There are two multiplayer modes: Conquest and Swarm. In conquest, the world map is divided into the embedded player and the attacking player. You begin on either side and try to take over the enemy’s base. While it’s exciting to do an orbital drop right into the enemy’s backyard, you’ll easily find yourself overwhelmed. It’s always fun to play games like Section 8 before the release and while the metagame is still in a primordial state. There were a number of players online, probably reviewers, who would just amble along the outskirts of the map looking around. I watched a few, sniped a few, and tried to play nicely with the more aggressive players. The one thing Section 8’s multiplayer really lacks is cohesion. Unlike games like ARMA 2, which is heavily squad based, having 16 players on your side while the other team has only a fraction doesn’t equal a victory. The use of squad mechanics really boils down to what kind of orbital drop you take at the load screen. You have two choices: free spawn and squad drop. With the squad drop option you’re sent to help back up the largest squad on the map. It helps, but overall you feel so distant from your team mates. This is where the Swarm mode comes in.
The Section 8: Prejudice servers are able to handle games with up to 32 players. Conquest is fun as hell and you can play for hours dropping in on enemies and finding vantage points to snipe from. But if you’re feeling the need for more cooperation, Swarm mode is far better. In Swarm, you are a soldier in a group of four players. You hold a single vantage point while you scramble to perform deployment drops, stop enemy hacks and defend your base. It can get pretty hectic when you’re defending one side with two marauding mechs and another side with disruptive engineers killing your shields. The same multiplayer mechanics apply in Swarm as they do in Conquest, but there’s a sense of cohesion to be found in a smaller group. On a few occasions, I played games where two players would go off to hunt infantry while the other two stayed behind, sniped and built up the base. There was a better sense of teamwork to be found, and it’s something you appreciate after getting backstabbed in the Conquest mode.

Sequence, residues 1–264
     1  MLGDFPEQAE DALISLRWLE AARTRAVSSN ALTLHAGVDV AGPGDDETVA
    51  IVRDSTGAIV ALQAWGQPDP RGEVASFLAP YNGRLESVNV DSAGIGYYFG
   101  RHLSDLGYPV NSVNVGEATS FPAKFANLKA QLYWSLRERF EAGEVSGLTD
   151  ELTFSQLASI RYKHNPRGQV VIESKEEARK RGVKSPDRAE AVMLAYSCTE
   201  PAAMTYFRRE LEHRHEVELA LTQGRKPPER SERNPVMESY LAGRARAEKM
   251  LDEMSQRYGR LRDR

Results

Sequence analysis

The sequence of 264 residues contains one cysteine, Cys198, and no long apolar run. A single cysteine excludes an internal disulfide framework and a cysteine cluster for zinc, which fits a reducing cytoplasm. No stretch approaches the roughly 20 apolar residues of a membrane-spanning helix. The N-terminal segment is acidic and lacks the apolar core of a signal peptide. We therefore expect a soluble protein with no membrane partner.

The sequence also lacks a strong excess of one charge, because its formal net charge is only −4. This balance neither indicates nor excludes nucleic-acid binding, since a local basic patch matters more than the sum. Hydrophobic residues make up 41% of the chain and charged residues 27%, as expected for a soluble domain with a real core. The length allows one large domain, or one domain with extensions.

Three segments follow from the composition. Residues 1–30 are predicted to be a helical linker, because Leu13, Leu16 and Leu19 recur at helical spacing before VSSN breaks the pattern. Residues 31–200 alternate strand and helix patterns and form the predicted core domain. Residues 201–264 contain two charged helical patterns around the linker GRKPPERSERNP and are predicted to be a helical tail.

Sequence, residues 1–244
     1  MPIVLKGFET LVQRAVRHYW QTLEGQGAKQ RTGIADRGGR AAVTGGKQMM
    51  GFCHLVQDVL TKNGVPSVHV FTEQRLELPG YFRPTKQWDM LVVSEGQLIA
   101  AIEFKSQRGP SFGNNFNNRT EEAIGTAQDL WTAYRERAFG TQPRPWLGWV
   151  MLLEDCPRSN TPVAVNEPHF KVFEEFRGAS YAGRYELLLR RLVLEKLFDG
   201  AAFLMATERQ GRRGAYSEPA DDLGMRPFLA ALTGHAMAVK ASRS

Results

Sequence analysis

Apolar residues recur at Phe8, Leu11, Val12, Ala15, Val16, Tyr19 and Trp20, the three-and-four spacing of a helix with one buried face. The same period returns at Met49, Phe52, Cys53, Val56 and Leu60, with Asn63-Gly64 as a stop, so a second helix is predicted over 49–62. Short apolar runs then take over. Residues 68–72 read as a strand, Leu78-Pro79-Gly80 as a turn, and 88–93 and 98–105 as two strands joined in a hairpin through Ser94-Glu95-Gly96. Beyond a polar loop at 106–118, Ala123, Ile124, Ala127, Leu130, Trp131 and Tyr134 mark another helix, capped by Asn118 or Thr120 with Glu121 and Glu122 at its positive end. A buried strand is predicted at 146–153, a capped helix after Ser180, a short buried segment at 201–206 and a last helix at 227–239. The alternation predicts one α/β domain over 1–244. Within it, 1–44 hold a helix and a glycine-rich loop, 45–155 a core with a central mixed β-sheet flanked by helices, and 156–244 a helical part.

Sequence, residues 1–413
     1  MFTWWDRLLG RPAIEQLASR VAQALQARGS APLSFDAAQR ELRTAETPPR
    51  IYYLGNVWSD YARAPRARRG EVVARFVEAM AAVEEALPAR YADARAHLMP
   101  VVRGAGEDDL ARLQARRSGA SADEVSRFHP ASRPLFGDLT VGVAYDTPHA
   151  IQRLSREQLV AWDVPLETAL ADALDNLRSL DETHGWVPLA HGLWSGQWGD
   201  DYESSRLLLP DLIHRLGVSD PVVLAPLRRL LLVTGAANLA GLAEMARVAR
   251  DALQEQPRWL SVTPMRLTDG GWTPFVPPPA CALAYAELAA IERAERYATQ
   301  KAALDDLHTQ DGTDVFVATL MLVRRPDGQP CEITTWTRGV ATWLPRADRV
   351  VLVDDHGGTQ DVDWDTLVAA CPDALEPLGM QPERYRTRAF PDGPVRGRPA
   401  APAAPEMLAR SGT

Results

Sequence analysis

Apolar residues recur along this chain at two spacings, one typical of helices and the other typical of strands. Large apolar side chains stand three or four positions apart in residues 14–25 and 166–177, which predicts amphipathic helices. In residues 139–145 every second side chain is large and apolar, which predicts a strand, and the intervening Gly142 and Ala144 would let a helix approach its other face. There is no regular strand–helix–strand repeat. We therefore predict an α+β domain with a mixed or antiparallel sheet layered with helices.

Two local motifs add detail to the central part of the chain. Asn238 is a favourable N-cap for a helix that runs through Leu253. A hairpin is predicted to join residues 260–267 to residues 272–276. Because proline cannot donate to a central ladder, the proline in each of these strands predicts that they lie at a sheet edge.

Luckily there are more multiplayer modes to come. Overall, this is the main attraction of Section 8. While I was player, my brother couldn’t help but mention the game’s link to Tribes 2. It’s an old game from 1999 and it was and still is an immensely popular online game. Tribes built up a community of players who eventually formed clans through the game’s message board functionality. It’s the one great advantage a game like Tribes has over a game like Section 8. Conquest and Swarm are fun, but in terms of depth in play modes, player interaction and just how fresh they remain the two can be a little insubstantial.
Section 8: Prejudice is a nice looking update to the original game. TimeGate really pushed the graphical limitation of their game development and they made a fun and engaging multiplayer experience. I’m a single player kind of gamer though and I enjoy a good story. Needless to say, there is a story here. It’s a good one too, but it needs some more meat and little more depth. At half the price of a triple A title, Section 8: Prejudice provides a worthwhile experience if you’re looking to go a little less deep into the enemy lines like a Section 8 soldier in an orbital drop.